[an error occurred while processing this directive]
BBC News
watch One-Minute World News
Last Updated: Thursday, 5 April 2007, 21:37 GMT 22:37 UK
Four UK soldiers killed in Iraq
The crater left after the bomb explosion
The bomb targeted a UK patrol

Two women were among four British soldiers killed by a roadside bomb near Basra, southern Iraq, the Ministry of Defence has confirmed.

A civilian translator was also killed in the bomb blast, which targeted a patrol in a Warrior armoured vehicle.

A fifth soldier was also "very seriously injured".

Tony Blair said it was too soon to link the attack to Iran, but he accused the country of "financing, arming and supporting terrorism in Iraq".

And he contrasted the soldiers' deaths with the safe return of the 15 British sailors and marines held captive in Iran.

The British army's spokesman in Iraq said there has been a "steady increase" in the number of attacks on UK troops.

This latest incident brings the total number of UK troops killed in operations in Iraq to 140.

Under attack

The women belonged to the Intelligence Corps and the Royal Army Medical Corps.

The two male soldiers who were killed alongside them were from the Royal Army Medical Corps and 2nd Battalion The Duke of Lancaster's Regiment.

The injured soldier is now being treated in the military hospital in Basra

The MoD said next of kin were being informed and no further details would be released until that process was complete.

According to the MoD, the incident happened in the early hours of Thursday as the troops returned from patrol duty.

Their vehicle first came under attack near the centre of Basra and continued on its way.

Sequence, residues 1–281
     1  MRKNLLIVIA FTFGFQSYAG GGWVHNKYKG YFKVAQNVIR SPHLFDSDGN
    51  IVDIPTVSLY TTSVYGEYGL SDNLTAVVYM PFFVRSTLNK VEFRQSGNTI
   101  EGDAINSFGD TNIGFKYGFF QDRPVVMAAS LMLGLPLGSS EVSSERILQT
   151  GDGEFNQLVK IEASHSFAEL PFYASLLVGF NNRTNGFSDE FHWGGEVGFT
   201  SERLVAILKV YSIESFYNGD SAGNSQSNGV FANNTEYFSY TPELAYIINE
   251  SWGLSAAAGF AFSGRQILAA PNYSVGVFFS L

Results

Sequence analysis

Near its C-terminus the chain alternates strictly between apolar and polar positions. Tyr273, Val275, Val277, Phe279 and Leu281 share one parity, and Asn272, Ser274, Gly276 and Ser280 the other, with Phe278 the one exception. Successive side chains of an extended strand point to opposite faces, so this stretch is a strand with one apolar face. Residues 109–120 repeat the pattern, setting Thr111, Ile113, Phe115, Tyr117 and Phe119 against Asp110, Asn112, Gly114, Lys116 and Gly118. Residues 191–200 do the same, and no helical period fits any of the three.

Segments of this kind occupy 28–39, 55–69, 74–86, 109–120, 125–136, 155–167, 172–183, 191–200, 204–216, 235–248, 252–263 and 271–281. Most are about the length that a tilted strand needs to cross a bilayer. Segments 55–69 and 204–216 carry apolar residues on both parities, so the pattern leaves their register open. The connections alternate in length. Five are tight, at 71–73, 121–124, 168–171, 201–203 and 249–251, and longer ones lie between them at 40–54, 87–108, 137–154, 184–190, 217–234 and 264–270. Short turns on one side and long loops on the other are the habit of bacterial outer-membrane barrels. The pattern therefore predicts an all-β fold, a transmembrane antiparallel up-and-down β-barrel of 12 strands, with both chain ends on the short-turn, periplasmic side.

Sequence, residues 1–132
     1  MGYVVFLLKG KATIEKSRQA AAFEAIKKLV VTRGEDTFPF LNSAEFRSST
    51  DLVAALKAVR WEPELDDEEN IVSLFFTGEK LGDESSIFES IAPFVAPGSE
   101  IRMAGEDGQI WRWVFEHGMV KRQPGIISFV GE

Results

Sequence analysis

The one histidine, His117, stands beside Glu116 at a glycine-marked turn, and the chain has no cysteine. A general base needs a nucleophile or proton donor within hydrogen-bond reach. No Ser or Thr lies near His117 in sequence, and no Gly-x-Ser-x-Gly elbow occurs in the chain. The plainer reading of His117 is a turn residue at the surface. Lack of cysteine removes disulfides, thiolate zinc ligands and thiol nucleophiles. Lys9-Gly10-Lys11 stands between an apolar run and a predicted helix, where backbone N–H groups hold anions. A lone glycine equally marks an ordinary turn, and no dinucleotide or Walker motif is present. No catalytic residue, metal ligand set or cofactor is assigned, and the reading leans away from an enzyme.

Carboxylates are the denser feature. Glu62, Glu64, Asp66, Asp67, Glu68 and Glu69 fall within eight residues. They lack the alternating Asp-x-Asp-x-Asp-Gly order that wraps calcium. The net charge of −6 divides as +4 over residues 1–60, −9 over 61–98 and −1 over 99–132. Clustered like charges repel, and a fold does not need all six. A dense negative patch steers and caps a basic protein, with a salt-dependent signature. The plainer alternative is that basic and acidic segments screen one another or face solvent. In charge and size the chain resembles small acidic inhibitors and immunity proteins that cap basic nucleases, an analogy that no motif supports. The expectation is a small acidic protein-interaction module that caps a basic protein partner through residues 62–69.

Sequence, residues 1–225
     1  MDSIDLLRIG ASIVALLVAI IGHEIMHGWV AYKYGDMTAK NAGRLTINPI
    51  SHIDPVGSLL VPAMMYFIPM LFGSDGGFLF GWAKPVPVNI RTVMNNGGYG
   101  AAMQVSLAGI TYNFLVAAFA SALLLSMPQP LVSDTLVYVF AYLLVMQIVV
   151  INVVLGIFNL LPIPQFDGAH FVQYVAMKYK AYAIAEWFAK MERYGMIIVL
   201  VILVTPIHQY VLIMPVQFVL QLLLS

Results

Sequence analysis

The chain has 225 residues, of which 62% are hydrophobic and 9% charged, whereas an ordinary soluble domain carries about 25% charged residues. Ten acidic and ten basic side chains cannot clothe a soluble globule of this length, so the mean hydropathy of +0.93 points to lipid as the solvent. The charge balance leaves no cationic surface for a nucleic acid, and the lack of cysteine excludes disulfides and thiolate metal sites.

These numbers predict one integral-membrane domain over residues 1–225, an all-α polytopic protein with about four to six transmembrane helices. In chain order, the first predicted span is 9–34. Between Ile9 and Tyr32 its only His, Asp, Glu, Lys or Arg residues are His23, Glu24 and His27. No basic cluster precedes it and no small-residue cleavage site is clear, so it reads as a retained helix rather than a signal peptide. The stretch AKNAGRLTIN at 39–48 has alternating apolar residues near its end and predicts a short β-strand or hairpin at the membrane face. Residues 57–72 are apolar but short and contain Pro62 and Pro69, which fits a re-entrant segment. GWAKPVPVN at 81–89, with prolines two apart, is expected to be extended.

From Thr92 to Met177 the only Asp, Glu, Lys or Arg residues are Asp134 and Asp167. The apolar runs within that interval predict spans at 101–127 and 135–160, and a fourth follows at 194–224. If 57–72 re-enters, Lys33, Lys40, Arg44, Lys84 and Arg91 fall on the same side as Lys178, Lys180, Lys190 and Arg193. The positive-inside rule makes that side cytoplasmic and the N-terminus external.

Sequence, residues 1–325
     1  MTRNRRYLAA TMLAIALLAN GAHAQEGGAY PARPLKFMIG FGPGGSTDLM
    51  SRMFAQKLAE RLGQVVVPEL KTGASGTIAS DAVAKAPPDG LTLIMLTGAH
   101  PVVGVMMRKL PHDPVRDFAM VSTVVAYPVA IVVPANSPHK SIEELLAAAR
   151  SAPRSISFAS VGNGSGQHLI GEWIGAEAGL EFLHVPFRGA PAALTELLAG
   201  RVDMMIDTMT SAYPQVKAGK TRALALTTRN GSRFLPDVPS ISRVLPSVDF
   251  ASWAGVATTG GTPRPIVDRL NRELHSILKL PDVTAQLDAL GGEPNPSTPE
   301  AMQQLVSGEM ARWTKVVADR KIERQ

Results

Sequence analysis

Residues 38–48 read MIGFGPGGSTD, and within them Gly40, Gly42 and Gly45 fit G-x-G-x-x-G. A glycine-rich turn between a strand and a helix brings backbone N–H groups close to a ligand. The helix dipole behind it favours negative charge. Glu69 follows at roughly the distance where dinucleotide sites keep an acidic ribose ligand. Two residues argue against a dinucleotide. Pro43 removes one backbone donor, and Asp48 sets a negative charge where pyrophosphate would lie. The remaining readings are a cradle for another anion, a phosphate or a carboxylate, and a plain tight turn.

However, on a stretch of highway in the Hayaniyah district on the north-western outskirts of Basra it was hit by a massive bomb explosion which wrecked the vehicle and left a three-foot crater.

The soldiers were all inside the vehicle when they died.

'Escalating violence'

After the bomb explosion British forces in the area came under attack from small arms fire and rocket-propelled grenades, and they fired back.

Iraqi police said the British forces attacked a nearby police checkpoint and detained and disarmed those manning it.

Lt Col Kevin Stratford-Wright, the British Army's spokesman in Basra, said that despite a lull last month, the number of attacks from insurgents in the region was escalating.

"There has been a pretty steady increase over recent months.

"But clearly, although they are a very small percentage of the population - probably less than 1% are hostile to us - they are capable of launching very deadly attacks as they did last night."

The BBC's Jim Muir in Baghdad said the area where the incidents took place is believed to be a hotbed of support for the radical Shi'ite militia lead by the cleric Moqtada Sadr.

The body of Rifleman Aaron Lincoln, 18, arrives at RAF Lyneham
Rifleman Aaron Lincoln, 18, was shot while on patrol in Basra

Further deaths

Two other British soldiers were also killed in Iraq this week, also while on patrol in the Basra area.

The bodies of 18-year-old Rifleman Aaron Lincoln, from the 2nd Battalion, The Rifles, and Kingsman Danny Wilson, 28, from Chindit Company, 2nd Battalion, The Duke of Lancaster's Regiment, have been flown back to RAF Lyneham in Wiltshire.

Kingsman Wilson, from Workington, Cumbria, was fatally wounded while on patrol in the al-Ashar district of Basra on 1 April. He leaves behind a wife and son.

Rifleman Aaron Lincoln, from Durham, was shot in the same area the following day.

Of those soldiers who have died in Iraq, 108 are classed as having been killed after hostile action, while 32 have died from illness, non-combat injuries or accidents, or the cause of their death is still unknown.




FEATURES, VIEWS, ANALYSIS
Has China's housing bubble burst?
How the world's oldest clove tree defied an empire
Why Royal Ballet principal Sergei Polunin quit

PRODUCTS & SERVICES

Americas Africa Europe Middle East South Asia Asia Pacific